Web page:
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Maps and Figures

"Hitler or Coulter?" Quiz
Map1 - Teen Pregnancy
Map2 - Incarceration
Map3 - Homicide Rates
Map4 - Drop-out Rates
Map5 - Bankruptcy Rates
Map6 - Driving Distances
Map7 - Energy Use
Map8 - Gonorrhea!
Map9 - Tax Burden
Map10 - State GDP
Map11 - DHS funding
Map12 - Adult Illiteracy.
Map13 - Abortion Bans:
Map14 - ER Quality
Map15 - Hospital Quality
Map16 - Coal Burners
Map 17 - Infant Mortality
Map 18 - Toxic Waste
Map 19 - Obesity
Map 20 - Poverty
Map 21 - Occupational safety
Map 22 - Traffic deaths
Map 23 - Divorce
Figure 1 - Wages vs Right to work
Figure 2 - Unemployment vs Right to work
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Monday, January 16, 2006

I hate the WSJ editorial page soooo much
The WSJ editorial page, as I've mentioned before, is a lot like a zoo. You visit it, and you just wonder where the hell did they find these people. If ideas were like animals the WSJ would be a collection of zebras, red pandas and capybaras! Holy crap.

Except unlike a zoo, you hate the animals because they represent all that is wrong with the world.

Anyway, today's WSJ has a bizarre Op-Ed entitled, "Bleeding Hearts" which asserts that it is incorrect to equate a rejection of government spending on the poor with a lack of compassion. The argument? People who support government spending on the poor give less blood. I shit you not:

Once again, it is those opposed to government aid. These supposedly uncompassionate folks are 25% of the population, but donate more than 30% of the blood each year. Meanwhile, supporters of government spending to the poor are 28% of the population, but donate just 20% of the blood. If the whole population gave blood like opponents of social spending do, the blood supply would increase by more than a quarter. But if everyone in the population gave like government aid advocates, the supply would drop by about 30%.

In the wake of disasters like Sept. 11 and Hurricane Katrina, and in the midst of ongoing needs in our communities, this gap in blood donations is more than an intellectual curiosity: It can mean the difference between life and death. It also represents the livelihood of important charities serving our nation's needy, such as the Red Cross, which receives nearly 70% of its revenues from blood sales.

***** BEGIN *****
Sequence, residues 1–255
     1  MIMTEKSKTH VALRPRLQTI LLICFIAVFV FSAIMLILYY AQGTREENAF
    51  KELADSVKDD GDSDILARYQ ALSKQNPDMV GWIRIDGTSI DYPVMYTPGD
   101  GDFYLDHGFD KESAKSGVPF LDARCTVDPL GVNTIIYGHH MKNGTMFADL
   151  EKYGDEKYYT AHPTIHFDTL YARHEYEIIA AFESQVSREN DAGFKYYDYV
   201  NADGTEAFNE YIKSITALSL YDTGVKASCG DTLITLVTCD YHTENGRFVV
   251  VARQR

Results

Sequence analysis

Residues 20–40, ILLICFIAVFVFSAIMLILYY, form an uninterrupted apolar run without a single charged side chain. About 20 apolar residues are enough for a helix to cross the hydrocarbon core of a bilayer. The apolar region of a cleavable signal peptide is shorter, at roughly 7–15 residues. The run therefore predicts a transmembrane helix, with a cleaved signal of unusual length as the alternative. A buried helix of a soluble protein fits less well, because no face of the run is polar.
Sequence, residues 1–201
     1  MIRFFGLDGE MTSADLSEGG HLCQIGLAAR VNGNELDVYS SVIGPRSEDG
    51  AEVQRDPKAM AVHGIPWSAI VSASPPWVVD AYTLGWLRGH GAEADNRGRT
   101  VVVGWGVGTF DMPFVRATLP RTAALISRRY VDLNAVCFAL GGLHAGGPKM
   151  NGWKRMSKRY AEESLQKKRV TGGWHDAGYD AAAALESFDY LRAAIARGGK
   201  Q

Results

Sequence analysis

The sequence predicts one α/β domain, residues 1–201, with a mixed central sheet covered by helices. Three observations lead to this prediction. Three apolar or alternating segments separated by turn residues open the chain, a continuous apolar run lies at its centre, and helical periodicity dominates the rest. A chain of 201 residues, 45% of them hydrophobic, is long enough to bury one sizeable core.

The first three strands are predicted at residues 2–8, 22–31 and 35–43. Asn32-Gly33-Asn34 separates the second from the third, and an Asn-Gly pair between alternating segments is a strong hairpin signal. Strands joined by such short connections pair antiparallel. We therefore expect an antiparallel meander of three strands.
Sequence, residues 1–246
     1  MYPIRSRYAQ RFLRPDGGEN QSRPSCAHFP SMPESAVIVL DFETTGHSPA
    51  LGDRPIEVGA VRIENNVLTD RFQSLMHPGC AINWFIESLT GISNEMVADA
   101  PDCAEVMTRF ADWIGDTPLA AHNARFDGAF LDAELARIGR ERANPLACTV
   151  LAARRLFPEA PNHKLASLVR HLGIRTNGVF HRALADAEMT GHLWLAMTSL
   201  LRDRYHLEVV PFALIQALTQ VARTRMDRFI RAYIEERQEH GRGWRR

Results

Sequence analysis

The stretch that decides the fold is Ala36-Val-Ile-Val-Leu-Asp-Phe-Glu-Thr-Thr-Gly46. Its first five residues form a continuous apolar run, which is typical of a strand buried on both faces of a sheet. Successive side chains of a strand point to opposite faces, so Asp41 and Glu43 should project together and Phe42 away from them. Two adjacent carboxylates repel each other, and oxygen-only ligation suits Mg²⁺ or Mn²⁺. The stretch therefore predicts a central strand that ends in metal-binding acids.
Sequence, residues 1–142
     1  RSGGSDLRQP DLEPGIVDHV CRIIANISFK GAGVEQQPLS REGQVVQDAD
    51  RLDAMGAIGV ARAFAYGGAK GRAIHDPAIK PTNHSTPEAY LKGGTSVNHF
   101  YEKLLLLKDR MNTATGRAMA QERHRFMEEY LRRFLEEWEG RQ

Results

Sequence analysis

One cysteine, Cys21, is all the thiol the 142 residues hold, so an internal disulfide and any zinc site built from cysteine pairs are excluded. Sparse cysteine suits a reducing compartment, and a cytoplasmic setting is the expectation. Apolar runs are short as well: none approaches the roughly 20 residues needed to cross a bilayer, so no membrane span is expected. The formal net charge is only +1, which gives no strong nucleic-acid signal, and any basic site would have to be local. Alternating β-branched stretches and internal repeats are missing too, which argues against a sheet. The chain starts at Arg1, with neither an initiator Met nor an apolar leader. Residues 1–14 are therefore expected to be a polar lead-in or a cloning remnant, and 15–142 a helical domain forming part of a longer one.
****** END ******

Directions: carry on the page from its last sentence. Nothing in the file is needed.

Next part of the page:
Holy fucking shit. Where do they find these people? I mean, seriously, this passes for argument?

**Update** I took down the map until I can find a better data set to work with, I misread the OMB report to represent all charitable giving however it did not include individuals giving to charity.

This brings up three issues. One is my total and complete error in reading the report, sorry. The second is that the data currently being represented by the "Generosity Index" is over-represents giving to churches and only represents individuals who itemize, and is a highly flawed method. The OMB data is still interesting because it shows while evaluation of itemization biases the red states, focusing on giving by estates and trusts biases towards the blue states. It is possible that Blue staters are only over-donating charity in the form of taxes and when they die. For now reflect on this map.

There is a solution, but it requires me paying 35 bucks and waiting until I receive a report on charities in the mail. I will accept that as a fine for my error.


Mike the Mad Biologist said...

Great post. Could you provide the specific URL to the Irons report? I'm having a hard time finding it. Thanks.

1:08 PM, January 16, 2006

Another Anonymous Poster said...


One slight nit with this map. How does this compare to per-capita income state by state? It might be instructive to quantitate charitable giving as a percent of total per capita income, and see if the percentages change.

One could argue that the blue states are richer, so the residents can afford to give more.

1:18 PM, January 16, 2006

Macht said...

I think what you are looking for is the 2005 Generosity Index. The results are much different than RevDr's results (for good reason).